Da’Vine Joy Randolph has swiftly ascended from a fresh face in Hollywood to obtaining critical acclaim with her Golden Globe-winning performance in “The Holdovers.” Her performance marks her firstwin and has gained her Oscar buzz and a Screen Actors Guild Award nomination.
Randolph calls the buzz around her performance “overwhelming.”
“It’s beyond. I never expected any of this and so I’m just trying to take it one step at a time and getting the advice from others,” said Randolph.
In “The Holdovers,” set against the backdrop of a boarding school campus where people are stranded during the holidays, Randolph portrays Mary Lamb, a career manager grieving her son’s death in Vietnam. Her interaction with an unpopular history teacher, played by Paul Giamatti, offers a glimpse into Lamb’s emotional landscape.
Randolph said she drew inspiration for the role from her own experiences of seeing how grief has shown up in her own family members and in the lives of Black women in her life.
“Black women in particular, have this beautiful and uncanny ability, almost like a superpower, wherein the midst of their trials and tribulations, if they don’t want you to know, you won’t know at all,” Randolph said. “They operate at a higher level of efficiency in order to cover it up of what they’re actually going through. That was something I really wanted to capitalize on.”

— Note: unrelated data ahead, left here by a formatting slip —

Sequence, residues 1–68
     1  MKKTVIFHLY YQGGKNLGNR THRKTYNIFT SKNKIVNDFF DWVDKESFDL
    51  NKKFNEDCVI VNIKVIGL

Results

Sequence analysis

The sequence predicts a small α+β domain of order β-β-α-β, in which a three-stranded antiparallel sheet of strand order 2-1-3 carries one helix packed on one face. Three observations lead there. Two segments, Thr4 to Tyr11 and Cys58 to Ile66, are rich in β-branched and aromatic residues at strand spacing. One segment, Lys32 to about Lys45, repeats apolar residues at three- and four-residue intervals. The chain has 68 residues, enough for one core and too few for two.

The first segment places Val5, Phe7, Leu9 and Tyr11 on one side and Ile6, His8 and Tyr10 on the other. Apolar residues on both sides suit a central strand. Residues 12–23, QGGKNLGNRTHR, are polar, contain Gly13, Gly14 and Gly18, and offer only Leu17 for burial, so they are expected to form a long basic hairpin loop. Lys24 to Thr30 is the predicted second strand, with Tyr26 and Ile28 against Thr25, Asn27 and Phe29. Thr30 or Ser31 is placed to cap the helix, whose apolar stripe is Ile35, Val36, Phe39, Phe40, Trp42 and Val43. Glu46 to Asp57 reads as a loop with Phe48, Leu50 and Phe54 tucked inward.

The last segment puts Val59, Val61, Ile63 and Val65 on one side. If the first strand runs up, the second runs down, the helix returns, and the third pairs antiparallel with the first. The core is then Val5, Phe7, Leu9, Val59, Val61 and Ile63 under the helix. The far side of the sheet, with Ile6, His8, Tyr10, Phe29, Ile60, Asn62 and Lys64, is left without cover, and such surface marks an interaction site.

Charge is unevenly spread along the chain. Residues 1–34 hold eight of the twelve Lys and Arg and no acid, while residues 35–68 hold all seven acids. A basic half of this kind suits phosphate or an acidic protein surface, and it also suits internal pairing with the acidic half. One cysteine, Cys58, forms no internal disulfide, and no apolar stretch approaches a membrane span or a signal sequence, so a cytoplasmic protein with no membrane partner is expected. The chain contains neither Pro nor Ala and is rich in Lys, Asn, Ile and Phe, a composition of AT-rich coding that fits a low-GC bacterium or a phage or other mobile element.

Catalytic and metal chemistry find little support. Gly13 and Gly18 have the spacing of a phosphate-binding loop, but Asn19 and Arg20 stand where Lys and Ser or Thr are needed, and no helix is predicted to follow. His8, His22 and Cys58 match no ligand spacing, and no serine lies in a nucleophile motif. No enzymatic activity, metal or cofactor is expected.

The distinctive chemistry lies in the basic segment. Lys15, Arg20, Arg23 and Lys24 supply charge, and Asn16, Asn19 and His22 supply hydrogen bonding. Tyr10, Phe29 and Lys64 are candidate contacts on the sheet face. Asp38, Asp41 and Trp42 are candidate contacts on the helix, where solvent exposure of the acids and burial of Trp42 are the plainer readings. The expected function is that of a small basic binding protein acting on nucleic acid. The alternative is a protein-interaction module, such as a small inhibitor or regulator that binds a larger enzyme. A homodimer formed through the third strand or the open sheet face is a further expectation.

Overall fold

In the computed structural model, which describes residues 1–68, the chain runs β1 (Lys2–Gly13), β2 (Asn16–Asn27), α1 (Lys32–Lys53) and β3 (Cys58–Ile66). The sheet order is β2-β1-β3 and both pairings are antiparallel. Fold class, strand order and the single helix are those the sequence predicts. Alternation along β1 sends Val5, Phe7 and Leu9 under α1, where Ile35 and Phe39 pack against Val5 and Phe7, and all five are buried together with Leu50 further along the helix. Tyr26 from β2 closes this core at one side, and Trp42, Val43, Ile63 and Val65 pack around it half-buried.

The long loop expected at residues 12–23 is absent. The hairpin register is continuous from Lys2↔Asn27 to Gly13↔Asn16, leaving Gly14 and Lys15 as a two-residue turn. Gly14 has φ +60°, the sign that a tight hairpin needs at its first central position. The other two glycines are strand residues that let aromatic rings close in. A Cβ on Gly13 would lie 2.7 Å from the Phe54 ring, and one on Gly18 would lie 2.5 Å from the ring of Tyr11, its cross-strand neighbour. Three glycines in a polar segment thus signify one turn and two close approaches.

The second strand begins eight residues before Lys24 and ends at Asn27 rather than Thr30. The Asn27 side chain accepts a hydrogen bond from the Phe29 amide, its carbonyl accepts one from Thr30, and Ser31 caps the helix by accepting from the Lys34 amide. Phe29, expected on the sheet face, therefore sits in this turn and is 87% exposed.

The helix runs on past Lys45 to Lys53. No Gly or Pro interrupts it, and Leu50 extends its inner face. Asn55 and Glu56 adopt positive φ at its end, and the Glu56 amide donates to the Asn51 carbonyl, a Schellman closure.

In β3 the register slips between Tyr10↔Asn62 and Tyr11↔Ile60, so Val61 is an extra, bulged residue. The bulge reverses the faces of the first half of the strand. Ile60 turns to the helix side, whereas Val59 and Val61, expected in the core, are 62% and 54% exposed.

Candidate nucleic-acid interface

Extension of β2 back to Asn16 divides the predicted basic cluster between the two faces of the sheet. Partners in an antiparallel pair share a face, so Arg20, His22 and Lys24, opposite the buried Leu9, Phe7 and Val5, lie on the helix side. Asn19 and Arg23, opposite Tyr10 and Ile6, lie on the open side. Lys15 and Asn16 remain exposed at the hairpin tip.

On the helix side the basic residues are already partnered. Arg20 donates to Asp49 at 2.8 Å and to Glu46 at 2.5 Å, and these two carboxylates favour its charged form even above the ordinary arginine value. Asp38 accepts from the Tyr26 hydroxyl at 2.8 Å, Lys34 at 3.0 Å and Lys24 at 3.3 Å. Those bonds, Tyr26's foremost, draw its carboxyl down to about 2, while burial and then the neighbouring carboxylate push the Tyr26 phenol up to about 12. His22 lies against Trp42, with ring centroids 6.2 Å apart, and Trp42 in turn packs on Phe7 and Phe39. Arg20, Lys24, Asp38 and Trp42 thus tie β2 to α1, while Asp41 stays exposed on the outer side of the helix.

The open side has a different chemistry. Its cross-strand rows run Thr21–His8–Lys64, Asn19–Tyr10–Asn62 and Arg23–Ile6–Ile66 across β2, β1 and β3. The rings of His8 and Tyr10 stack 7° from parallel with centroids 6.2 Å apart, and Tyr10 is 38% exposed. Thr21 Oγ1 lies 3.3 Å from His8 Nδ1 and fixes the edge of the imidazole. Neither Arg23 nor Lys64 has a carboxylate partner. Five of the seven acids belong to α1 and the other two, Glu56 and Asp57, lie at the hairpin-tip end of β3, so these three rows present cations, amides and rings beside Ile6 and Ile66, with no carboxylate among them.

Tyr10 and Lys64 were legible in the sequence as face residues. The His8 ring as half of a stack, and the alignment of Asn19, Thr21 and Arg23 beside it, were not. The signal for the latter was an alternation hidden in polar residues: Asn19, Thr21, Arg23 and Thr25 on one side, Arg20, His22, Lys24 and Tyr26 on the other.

Randolph also delved into the subtleties of her character — especially the cooking scenes.
“So when we were having the initial conversations, I was like, ‘Okay, listen. So I see in the script there is cooking happening,’ and I was like, it’s important to me … this is so real and authentic. It will look weird if she wasn’t really cooking.”
As the Oscars, held in March, loom on the horizon, Randolph said she tries to remain grounded.
“I never want to get into a place where I’m expecting anything. And I always want to let things naturally happen, how they’re supposed to happen. I don’t feel those within my right to be expecting anything,” she said.